The economic prospects of rich and poor Americans had long been diverging. The pandemic finally completed the break.
- Prior to the coronavirus
pandemic, it looked like the American economywas booming.
- But ever-growing
inequalitywas lurking underneath, and the pandemic threw that into starker relief.
- The average American's income rose after the $3 trillion CARES Act, but after those benefits expired in July, the seemingly never-ending pandemic plunged millions into
- As a K-shaped recovery took form, benefitting those already comfortable and further impoverishing those worse off, Americans at the bottom fell further behind.
- It could take a decade until lower-income Americans recover from the pandemic
recessionalone, notwithstanding the preexisting inequality gap.
Lori Jay spent the past four years working as a rideshare driver in Maui. The 66-year-old was part of the gig economy, relying on a steady stream of tourists for her income.
"We used to joke kiddingly to each other, everybody here, 'What happens when the ships stop coming?'" Jay told Insider.Back then, tourists were spending money on vacations, the job market was competitive, and unemployment was at record lows.
But wages remained stagnant for everyone else. It was more expensive to join the middle class, and debt and inequality were only increasing.Then came March, and those ships stopped coming.
"Everybody I know stopped working," Jay said.The uneven dynamics of the economy were then exacerbated, resulting in widening inequality at a time when the poor aren't only financially vulnerable but when physically performing a job brings an associated risk of infection from a deadly pandemic. Throughout the pandemic, high earners in the upper middle class and above - those at the top of America's K-shaped recovery - haven't just been financially comfortable, they've thrived.
And the people at the bottom of the K? They were already feeling the impact of growing income inequality at the start of 2020, and have just fallen further and further behind.
Federal assistance worked in the spring, but its absence widened the gap after the summer
The immediate fallout of the pandemic was swift: from March 15 to April 18, over 26 million Americans filed for unemployment benefits. The CARES Act in March offered some relief, with its $1,200
Still, that federal aid likely saved 12 million Americans from falling into poverty. In April, personal income for Americans spiked and the median checking account balance rose by 65%. Also, poverty rates fell in March and April.
But millions of Americans were suddenly - and indefinitely - unemployed, especially lower-wage workers."Around April, people started realizing that they got to start to try to do something," Jay said. She said that people started trying to organize growing gardens and food.
Clark was facing down eviction again in December. Business was so bad at the the three different jobs she's held since March that she kept getting laid off.
While the situation grew dire for one class of workers, the others were looking pretty good.Higher-income Americans weren't just saving more - they were spending less (and consistently spending less than lower-income Americans). They could refinance their mortgages at great prices (32% of lower-income Americans had difficulty making mortgage payments in September). And they were still working from home, even as companies turning record profits offered little (or no) hazard pay to its frontline workers.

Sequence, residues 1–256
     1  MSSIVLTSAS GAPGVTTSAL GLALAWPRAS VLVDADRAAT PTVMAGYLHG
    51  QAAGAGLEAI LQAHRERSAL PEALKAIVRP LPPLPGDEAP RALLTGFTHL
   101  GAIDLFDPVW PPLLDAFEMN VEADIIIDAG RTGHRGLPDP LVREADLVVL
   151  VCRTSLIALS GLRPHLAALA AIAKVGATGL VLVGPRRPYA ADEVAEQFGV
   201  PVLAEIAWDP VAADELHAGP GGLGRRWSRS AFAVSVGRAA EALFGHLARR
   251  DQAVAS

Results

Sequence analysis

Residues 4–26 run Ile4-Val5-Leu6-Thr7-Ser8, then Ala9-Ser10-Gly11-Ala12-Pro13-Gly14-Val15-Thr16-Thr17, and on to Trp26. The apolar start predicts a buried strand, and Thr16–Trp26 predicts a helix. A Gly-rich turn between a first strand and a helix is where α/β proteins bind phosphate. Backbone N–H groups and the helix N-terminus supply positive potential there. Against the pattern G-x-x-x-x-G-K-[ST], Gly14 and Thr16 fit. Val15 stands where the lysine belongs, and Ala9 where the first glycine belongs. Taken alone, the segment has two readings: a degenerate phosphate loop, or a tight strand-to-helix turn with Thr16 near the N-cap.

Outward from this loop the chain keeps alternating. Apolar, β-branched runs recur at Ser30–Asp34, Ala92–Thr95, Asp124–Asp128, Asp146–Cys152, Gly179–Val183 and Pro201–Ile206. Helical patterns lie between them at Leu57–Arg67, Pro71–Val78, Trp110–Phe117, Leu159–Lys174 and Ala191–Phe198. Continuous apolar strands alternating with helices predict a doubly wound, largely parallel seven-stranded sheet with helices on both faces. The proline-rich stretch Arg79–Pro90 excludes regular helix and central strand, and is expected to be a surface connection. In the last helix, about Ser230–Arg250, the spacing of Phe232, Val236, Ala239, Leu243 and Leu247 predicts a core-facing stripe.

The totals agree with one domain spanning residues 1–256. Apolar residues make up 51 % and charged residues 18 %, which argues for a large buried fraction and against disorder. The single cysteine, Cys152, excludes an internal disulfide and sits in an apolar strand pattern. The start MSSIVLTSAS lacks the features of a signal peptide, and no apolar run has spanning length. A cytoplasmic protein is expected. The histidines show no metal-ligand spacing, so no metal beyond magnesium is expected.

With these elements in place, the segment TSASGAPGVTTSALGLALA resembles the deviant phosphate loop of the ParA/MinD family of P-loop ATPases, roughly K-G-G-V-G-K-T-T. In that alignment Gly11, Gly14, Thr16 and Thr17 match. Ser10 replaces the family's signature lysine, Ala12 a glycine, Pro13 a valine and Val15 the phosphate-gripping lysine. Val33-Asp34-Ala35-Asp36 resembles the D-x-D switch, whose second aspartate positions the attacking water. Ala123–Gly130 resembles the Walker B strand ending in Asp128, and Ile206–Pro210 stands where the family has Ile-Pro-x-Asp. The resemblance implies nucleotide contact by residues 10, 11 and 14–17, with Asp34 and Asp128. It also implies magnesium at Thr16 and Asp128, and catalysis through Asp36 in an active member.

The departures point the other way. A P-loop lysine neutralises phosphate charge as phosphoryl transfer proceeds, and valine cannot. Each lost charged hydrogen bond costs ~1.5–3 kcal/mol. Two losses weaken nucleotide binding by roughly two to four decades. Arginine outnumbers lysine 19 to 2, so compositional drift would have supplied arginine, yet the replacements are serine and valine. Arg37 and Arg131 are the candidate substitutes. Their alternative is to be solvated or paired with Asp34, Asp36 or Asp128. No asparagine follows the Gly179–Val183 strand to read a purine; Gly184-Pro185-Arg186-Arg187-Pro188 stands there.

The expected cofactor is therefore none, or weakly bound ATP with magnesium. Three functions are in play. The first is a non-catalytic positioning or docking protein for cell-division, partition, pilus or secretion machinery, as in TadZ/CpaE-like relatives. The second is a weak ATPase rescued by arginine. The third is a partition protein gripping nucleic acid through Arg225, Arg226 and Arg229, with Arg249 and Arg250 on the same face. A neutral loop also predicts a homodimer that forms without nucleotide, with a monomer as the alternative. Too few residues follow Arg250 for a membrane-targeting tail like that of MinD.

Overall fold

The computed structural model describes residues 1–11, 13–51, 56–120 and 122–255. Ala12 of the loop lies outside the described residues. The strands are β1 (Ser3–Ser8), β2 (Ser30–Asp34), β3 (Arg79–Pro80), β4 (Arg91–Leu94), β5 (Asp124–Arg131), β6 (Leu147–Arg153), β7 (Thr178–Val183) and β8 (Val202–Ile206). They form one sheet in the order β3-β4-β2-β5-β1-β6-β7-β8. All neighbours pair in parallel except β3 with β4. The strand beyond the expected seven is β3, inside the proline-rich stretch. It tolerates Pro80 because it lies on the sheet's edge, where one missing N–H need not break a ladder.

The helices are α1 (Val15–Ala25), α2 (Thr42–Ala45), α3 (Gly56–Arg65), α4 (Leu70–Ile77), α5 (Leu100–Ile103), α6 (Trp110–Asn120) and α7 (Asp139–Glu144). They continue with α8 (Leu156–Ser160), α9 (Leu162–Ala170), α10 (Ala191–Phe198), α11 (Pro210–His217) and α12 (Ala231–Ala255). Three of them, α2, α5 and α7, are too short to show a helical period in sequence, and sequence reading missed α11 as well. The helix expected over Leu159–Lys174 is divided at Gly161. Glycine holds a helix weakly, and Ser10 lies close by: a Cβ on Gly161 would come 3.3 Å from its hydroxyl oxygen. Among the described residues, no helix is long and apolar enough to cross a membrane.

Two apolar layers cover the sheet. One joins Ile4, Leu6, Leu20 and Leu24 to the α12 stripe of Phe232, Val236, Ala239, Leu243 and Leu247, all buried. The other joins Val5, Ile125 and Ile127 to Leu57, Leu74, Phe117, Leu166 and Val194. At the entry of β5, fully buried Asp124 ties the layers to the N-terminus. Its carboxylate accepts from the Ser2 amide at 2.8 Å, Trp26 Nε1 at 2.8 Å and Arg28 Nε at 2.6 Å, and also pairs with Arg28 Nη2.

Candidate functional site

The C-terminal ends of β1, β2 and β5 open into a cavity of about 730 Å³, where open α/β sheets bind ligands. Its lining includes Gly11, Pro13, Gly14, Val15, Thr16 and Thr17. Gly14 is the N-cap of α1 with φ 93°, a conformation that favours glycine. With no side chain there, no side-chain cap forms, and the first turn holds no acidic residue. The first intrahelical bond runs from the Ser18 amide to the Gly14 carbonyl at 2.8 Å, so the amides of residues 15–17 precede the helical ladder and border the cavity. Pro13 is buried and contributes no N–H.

Read more: America's miserable K-shaped Christmas
Better-off Americans aren't just sitting around and profiting - they're trying to give back
Some millionaires have explicitly asked for a wealth tax to help address the pandemic. Billionaire MacKenzie Scott has given away $4 billion over the last 4 months.Morris Pearl is the chair of Patriotic Millionaires. They're a group of millionaires who have advocated for higher taxes on themselves, and for average Americans to be able to hold the same power as millionaires.
He said that, throughout 2020, the public discourse has been "moving greatly in our favor." He's felt encouraged by President-elect Joe Biden wanting to tackle "people just falling further and further behind."John Leer, an economist at Morning Consult, which tracks consumer confidence, spoke to Insider prior to the new stimulus package's passage. He said the new bill is "a step in the right direction," but pointed out that it'll still "disproportionately benefit" higher-income consumers by helping their companies keep them employed and indirectly boosting housing prices, an asset that will only amplify the "wealth effect" among higher-income Americans. Meanwhile, lower-income workers are less likely to receive the $300 in additional weekly benefits.
The legislation contains the original benefits of the CARES Act, but halved - $600 stimulus checks and $300 in additional weekly unemployment benefits (and for 10 weeks, not 16).Leer said he anticipates it taking at least a decade for those hardest hit by the pandemic to recover from the recession (and that's without taking into account the preexisting income inequality). But it can be difficult to truly comprehend the scope and magnitude of employment and inequality in America right now; we may not even be able to psychologically wrap our heads around the numbers.
Instead, take it from Clark, who prior to the stimulus' passage said she'd put any money she receives towards paying off her apartment.
"There's a lot of people that don't - they're not living this life. Their whole life hasn't changed any, and a lot of it has for the rest of us," she told Insider. "We just want the world to go back to normal. That's all we all want, I think."
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